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Highway Police boss subpoenaed for alleged voter suppression

Former President Luiz Inácio Lula da Silva’s campaign on Sunday requested the Superior Electoral Court to subpoena the head of Brazil’s Federal Highway Police for several cases of alleged voter suppression.

Videos and photos published on social media show Federal Highway Police agents conducting operations in several Brazilian states, causing traffic jams in mostly rural areas. Twitter users complain that these operations mostly hinder poorer voters, who tend to lean towards Lula according to polls.

On Saturday night, hours before the polls opened, Brazil’s chief electoral justice Alexandre de Moraes banned the force from conducting any operations related to public transportation until elections are over.

Senator Randolfe Rodrigues, the leader of the opposition and a member of Lula’s campaign, told The Brazilian Report that Justice Moraes has agreed to subpoena Silvinei Vasques, the head of the Federal Highway Police.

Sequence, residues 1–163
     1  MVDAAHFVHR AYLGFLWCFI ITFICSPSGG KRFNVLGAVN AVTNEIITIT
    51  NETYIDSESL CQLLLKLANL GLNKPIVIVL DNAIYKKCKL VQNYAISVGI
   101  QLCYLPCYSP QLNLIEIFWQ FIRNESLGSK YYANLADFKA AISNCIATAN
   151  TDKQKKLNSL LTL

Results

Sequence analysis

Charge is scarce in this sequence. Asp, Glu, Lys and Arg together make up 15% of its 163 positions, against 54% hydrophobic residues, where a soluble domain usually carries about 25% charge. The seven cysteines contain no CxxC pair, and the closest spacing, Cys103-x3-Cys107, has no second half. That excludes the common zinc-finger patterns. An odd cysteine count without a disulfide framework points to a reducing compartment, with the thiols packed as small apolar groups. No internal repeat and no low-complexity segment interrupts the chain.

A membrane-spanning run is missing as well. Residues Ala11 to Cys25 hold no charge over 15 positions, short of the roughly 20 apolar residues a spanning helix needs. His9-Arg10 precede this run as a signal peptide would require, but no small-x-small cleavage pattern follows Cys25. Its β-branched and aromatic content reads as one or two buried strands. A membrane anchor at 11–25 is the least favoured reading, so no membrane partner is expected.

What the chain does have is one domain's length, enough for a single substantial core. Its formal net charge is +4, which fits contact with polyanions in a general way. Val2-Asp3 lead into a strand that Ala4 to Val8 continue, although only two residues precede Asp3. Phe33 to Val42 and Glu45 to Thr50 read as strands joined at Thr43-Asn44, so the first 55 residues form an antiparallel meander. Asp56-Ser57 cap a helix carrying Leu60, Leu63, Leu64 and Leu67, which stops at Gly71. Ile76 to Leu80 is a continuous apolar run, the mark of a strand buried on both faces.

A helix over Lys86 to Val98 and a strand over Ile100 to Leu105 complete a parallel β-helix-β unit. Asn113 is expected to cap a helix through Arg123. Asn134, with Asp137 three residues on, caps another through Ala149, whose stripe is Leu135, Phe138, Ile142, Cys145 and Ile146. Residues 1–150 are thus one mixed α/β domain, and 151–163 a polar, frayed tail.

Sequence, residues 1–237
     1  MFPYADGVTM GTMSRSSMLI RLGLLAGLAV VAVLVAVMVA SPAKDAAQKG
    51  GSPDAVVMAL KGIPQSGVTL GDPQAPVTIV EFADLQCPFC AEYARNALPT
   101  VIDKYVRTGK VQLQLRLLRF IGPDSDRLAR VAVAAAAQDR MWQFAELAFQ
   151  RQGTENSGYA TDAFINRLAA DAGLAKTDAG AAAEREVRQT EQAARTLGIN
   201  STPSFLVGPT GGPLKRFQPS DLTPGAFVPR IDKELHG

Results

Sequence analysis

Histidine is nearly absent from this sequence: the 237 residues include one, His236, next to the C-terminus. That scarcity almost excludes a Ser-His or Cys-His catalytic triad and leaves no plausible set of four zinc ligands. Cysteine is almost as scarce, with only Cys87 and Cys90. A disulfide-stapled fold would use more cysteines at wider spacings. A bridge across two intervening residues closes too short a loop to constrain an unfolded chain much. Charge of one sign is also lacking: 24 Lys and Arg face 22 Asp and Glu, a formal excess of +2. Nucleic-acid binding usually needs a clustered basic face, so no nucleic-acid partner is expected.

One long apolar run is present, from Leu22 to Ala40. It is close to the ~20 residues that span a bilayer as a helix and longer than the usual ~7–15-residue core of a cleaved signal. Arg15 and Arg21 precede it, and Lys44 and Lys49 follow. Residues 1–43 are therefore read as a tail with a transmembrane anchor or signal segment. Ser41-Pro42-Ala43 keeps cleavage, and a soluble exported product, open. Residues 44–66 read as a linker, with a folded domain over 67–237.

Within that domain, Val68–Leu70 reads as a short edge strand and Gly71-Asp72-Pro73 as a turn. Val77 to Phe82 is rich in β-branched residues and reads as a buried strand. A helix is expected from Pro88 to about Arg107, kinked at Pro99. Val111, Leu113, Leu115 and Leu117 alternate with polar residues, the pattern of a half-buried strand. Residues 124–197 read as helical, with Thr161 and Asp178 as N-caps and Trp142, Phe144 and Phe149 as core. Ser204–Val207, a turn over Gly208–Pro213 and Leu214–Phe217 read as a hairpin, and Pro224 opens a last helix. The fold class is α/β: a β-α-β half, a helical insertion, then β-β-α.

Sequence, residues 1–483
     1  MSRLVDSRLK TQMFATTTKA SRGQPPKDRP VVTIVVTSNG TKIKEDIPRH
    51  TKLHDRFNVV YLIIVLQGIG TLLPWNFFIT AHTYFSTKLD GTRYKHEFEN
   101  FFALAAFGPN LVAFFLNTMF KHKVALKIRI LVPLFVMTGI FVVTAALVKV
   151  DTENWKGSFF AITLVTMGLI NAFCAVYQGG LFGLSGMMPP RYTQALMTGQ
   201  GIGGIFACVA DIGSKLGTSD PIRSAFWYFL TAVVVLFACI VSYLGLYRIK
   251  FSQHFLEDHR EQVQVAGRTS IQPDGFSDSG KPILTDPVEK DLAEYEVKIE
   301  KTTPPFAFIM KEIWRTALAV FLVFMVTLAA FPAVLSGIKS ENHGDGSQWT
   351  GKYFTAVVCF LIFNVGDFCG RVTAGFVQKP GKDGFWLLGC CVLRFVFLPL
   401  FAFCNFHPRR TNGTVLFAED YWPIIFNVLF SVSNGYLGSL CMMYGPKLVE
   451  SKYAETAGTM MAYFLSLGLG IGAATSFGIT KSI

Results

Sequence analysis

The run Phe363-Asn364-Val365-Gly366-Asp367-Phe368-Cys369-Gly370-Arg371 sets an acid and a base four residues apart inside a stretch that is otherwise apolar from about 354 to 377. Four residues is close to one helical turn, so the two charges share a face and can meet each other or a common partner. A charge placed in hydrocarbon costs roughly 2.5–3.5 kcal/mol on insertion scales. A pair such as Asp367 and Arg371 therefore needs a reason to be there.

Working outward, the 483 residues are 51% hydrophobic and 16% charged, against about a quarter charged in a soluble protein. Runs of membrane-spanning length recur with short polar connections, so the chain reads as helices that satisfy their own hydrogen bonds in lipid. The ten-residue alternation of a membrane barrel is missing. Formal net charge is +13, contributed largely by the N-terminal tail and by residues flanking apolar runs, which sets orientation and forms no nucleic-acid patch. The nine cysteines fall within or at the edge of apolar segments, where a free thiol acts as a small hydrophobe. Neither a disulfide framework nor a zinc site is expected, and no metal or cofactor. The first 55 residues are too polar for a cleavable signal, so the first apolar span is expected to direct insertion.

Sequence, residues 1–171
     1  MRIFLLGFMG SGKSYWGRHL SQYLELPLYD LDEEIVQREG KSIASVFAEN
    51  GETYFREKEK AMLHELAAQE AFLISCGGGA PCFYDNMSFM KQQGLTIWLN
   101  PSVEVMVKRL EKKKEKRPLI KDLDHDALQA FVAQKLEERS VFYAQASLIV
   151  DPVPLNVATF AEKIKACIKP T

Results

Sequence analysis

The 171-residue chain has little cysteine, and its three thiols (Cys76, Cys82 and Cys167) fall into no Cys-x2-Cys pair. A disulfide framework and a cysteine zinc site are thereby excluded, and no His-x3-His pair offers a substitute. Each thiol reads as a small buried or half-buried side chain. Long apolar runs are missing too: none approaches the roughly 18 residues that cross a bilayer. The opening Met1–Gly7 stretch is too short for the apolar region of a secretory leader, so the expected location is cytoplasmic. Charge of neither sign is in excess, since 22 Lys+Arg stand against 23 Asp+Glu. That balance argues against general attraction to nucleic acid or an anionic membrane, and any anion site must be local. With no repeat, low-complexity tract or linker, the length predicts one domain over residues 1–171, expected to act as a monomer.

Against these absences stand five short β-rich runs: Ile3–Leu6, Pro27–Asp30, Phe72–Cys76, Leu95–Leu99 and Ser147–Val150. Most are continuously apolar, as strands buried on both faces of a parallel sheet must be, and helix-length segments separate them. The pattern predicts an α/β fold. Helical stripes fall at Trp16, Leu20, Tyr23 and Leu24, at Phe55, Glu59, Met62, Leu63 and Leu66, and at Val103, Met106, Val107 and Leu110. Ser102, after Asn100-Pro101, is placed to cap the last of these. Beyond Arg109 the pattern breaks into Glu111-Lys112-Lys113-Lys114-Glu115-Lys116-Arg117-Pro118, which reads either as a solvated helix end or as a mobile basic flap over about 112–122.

In a similar case, Justice Moraes ordered a state-owned company in charge of the metro system in the city of Belo Horizonte (Brazil’s sixth-most populous) to offer free transportation on Election Day, after it refused to comply with a court order to of the sound. The company belongs to the federal government.

Free public transportation on Election Day has become a major topic of national debate, with left-wing parties requesting that city governments and federal courts consider making transportation more accessible to voters.

The Federal Highway Police has not replied to a request for comment.

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